Magnetic Stripes on Credit Cards are Going Away, Here’s What Merchants Need to Know

Forget about swiping, the new standard is the tap

By: Zena Tsarfin, Content & Marketing Manager

Have you tried to swipe your credit card only to get an error message asking you to insert or tap your card instead? This now common occurrence began in 2021 when Mastercard announced that it would be phasing out the magnetic stripe format on credit and debit cards it issues over the next decade to provide better security and fraud prevention.

What does this change mean for businesses accepting credit cards? First, look out for notifications from card brands requiring you cease accepting MSD contactless payments. Then make sure you aren’t being charged a fee for every outdated card you accept a payment from—beginning in April 2023, Visa will begin doing just that!

Though the stripes contain a myriad of sensitive information including the cardholder’s name, card number, and verification numbers, they offer no encryption. Over the years, this vulnerability has resulted in billions of dollars’ worth of chargebacks (when cardholders are refunded payment based on charge disputes) and fraud, including the large-scale spread of “skimming” card scams. Meanwhile, sophisticated hackers have found endless ways to exploit outdated magstripe cards, even infecting corporations’ credit card terminals with viruses that allow them to have access to millions of customers’ data. This contributes to higher processing fees for you as a merchant as the credit card company assumes greater risk in accepting magnetic stripe cards. And it can add thousands of dollars in lost revenue to your business.

If your curiosity about the magnetic stripe is piqued, the technology has an interesting history. An advent largely credited to IBM, the magnetic stripe has been a fixture of credit card transactions as far back as the 1960s. The technology therein—encoding issuing bank data onto a magnetized line along the back of plastic cards—allowed business owners to conduct financial exchanges quickly and with fewer steps. (Who remembers the labor intensive, old flatbed imprinting machines of yesteryear that predated them?) This single advancement catapulted the use of credit cards as everyday tender for all types of monetary transactions and changed our relationship with spending forever.

But no history would be complete without talking about the usurper: the EMV chip. The 1990s bore a new advancement for credit card security with its rollout, (the name being an acronym for the companies that developed the system: Europay, Mastercard, and Visa). By utilizing a small chip that generates time-sensitive authentication codes for every transaction made, a layer of encrypted security was introduced that initially helped bring down in-person counterfeiting by more than 76%.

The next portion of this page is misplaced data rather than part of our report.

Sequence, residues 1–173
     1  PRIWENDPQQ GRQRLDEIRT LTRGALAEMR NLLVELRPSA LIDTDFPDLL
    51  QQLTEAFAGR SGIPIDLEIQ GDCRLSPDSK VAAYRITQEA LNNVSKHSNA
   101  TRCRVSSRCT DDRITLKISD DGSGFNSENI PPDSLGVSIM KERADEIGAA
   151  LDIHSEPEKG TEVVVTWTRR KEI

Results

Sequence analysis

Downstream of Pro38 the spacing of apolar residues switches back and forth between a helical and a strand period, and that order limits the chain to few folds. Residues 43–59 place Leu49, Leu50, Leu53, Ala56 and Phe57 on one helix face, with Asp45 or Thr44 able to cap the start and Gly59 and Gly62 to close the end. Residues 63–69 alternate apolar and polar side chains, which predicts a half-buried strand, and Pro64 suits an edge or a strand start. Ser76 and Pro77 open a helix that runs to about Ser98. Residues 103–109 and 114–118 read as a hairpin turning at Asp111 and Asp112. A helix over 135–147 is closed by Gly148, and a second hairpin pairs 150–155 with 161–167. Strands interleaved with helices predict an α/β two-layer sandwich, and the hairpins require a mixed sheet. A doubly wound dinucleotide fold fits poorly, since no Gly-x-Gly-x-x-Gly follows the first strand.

By 2033, the antiquated magnetic stripe will have seen its last sunset with the United States expected to go completely magstripe-free by 2027. And while other security measures such as biometric markers including fingerprints and face recognition have been tested across the world, replacing hundreds of thousands of POS machines in the United States will be slow going.

Chances are, Visa’s surcharge isn’t the first that merchants will experience. According to Kelly Sweeney, Director of Operations at Merchant Advocate, an independent firm that audits merchant statements for clients, that practice has already begun. “A lot of [credit card] processors have already been billing businesses for not using an EMV device, as a non-EMV fee or a non-EMV assessment fee, so they’re penalizing them for not upgrading their devices. Well now, guess what? On top of getting a non-EMV fee from your processor, now you’re also going to get an additional fee from that specific card brand because you’re not following their guidelines on best practices.”

Though Mastercard has not rolled out plans to follow suit with their own fees just yet, the directives of credit card brands change rapidly. “If Visa is doing it, you know Mastercard, Discover, possibly American Express, are all going to do the same thing,” Sweeney warns. “The question is when.”

If you’re not sure how to check if your machines are updated to satisfy these requirements, you’re not alone. Credit card processing statements are coded in ways that can mystify even the best accountants making it difficult to ascertain if you are in compliance. That’s why it helps to have an advisor such as Merchant Advocate, who can help decipher your statements and advise you on any POS or other changes needed for compliance, as well as negotiate your rates and monitor merchant service accounts monthly. They work in real time to find overcharges and other errors, helping you to keep your profits.